Introduction -- History of Adolescent Oncology -- Epidemiology and Etiology of Cancer in Adolescents and Young Adults -- Access to Care Before and During Therapy -- Older Adolescents and Young Adults with Cancer, and Clinical Trials: Lack of Participation and Progress in North America -- Acute Lymphoblastic Leukemia.- Acute Myelogenous Leukemia -- Hodgkin Lymphoma -- N on-Hodgkin Lymphoma -- Central Nervous System Tumors in Adolescents and Young Adults -- Soft-Tissue Sarcomas -- Bone Sarcomas -- Malignancies of the Ovary -- Testicular Tumors -- Non-Germ-Cell Genitourinary Tract Tumors -- Thyroid Cancer -- Malignant Melanoma -- Breast Cancer -- Liver Tumors -- Colorectal Cancer -- Models of Care and Specialized Units -- Drug Compliance by Adolescent and Young Adult Cancer Patients: Challenges for the Physician -- Psychological Support for Adolescents and Young Adults -- Psychosocial Support -- Health-Related Quality of Life -- Rehabilitation and Exercise -- Adolescent and Young Adult Cancer Survivors: Late Effects of Treatment.-Ethical Issues for the Adolescent and Young Adult Cancer Patient: Assent and End-of-Life Care -- Access to Care after Therapy -- Information and Resources for Young Adults and Adolescents with Cancer -- Making Ends Meet: Financial Issues from the Perspectives of Patients and Their Healthcare Team -- Challenges and Opportunities –The Way Ahead.
This is the second edition of the only book to be devoted exclusively to the total cancer picture in adolescents and young adults (AYA), now expanded from the age range 15-29 to that of 15–39 years. For each of the diverse spectrum of cancers encountered in the AYA group, the epidemiology, natural progression, diagnostic approaches, and treatment options are described, with special emphasis on strategies for early detection and prevention. Comparison is made with management of both younger and older patients, and model programs are presented that address common diagnostic, staging, treatment, and psychosocial shortcomings in the AYA group. Detailed attention is also paid to principles and practices of care, with consideration of psychosocial and quality of life issues, social support systems, rehabilitation, late effects, insurance, and economic aspects of health care, among other topics.-.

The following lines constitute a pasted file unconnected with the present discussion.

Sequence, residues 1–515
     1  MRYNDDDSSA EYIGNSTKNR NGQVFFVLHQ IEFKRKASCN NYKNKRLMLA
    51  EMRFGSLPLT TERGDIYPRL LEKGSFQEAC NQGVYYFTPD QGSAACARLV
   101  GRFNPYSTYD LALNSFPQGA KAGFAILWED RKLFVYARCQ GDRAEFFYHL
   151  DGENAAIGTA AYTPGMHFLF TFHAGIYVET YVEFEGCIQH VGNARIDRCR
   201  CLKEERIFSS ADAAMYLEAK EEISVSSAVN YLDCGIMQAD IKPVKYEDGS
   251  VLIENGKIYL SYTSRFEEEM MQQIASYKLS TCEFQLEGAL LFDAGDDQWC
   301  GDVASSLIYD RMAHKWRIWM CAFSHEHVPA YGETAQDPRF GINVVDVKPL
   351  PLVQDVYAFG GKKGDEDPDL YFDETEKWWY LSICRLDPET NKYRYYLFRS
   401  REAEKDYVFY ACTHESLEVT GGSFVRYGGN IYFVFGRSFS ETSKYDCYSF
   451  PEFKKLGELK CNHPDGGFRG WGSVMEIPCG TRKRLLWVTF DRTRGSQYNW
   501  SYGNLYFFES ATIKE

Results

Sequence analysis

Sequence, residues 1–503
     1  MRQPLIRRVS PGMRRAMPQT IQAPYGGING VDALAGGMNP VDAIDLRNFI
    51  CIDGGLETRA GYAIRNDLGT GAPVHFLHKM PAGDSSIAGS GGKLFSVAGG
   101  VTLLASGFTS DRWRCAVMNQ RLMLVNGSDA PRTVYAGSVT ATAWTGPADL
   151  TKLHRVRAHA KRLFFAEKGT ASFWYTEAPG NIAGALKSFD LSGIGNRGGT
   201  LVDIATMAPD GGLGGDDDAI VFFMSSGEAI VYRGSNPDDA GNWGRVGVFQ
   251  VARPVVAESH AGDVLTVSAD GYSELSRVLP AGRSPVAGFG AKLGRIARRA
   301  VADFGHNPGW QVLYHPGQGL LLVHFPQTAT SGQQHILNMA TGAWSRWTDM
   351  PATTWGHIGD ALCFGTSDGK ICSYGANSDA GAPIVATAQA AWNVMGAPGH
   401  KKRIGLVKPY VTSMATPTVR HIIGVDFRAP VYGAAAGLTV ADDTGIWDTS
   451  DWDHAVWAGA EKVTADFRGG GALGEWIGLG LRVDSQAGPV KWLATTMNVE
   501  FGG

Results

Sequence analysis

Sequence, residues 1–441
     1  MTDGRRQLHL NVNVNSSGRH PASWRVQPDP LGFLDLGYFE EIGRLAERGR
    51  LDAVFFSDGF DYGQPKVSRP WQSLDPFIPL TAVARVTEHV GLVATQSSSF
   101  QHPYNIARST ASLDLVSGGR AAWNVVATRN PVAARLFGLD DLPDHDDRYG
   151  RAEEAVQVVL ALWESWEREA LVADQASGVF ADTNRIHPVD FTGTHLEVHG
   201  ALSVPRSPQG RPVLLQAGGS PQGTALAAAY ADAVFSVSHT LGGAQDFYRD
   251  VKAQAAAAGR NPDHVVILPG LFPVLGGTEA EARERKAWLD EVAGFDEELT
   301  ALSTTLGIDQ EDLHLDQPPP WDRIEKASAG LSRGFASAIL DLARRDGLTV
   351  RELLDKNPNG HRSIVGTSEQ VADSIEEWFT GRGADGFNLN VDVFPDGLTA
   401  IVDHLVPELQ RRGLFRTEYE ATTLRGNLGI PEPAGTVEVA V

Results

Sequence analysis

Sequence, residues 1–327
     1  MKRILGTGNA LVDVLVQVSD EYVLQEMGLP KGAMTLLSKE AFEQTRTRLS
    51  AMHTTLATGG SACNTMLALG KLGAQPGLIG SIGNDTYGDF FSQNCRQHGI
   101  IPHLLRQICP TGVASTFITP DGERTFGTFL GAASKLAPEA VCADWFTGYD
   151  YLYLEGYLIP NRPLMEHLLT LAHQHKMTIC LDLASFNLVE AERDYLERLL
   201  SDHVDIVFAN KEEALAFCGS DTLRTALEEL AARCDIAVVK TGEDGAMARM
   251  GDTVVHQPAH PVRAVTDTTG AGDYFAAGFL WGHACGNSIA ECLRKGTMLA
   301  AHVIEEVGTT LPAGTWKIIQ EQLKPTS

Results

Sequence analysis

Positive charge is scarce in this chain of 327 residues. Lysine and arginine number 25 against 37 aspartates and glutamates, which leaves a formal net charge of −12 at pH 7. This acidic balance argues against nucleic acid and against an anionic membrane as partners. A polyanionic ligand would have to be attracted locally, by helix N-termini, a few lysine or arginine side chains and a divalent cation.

The authors make compelling arguments for integrated strategies that allow young adults to benefit from the combined expertise of pediatric and adult oncologists in systems that identify both the complex disease and the social issues specific to this population. The proposed models of care include relationships with other specialties that do not specifically target this age group, i.e., infectious disease, endocrinology, pulmonary medicine, nephrology, gastroenterology, thoracic and abdominal surgery, urology, otolaryngology, and neurosurgery. New patterns of communication are advocated and endorsed as essential for productive interaction involving these specialties. References are extensive and are oriented toward users in pediatric hematology-oncology medical oncology, radiation oncology, surgical oncology, gynecologic oncology, oncology nursing, psycho-oncology, social work, epidemiology, public health and health services research.-.
The contributing authors are from the United States, the United Kingdom, Canada, Italy, France, Israel, Switzerland and Australia, Germany, Japan and the Netherlands. ..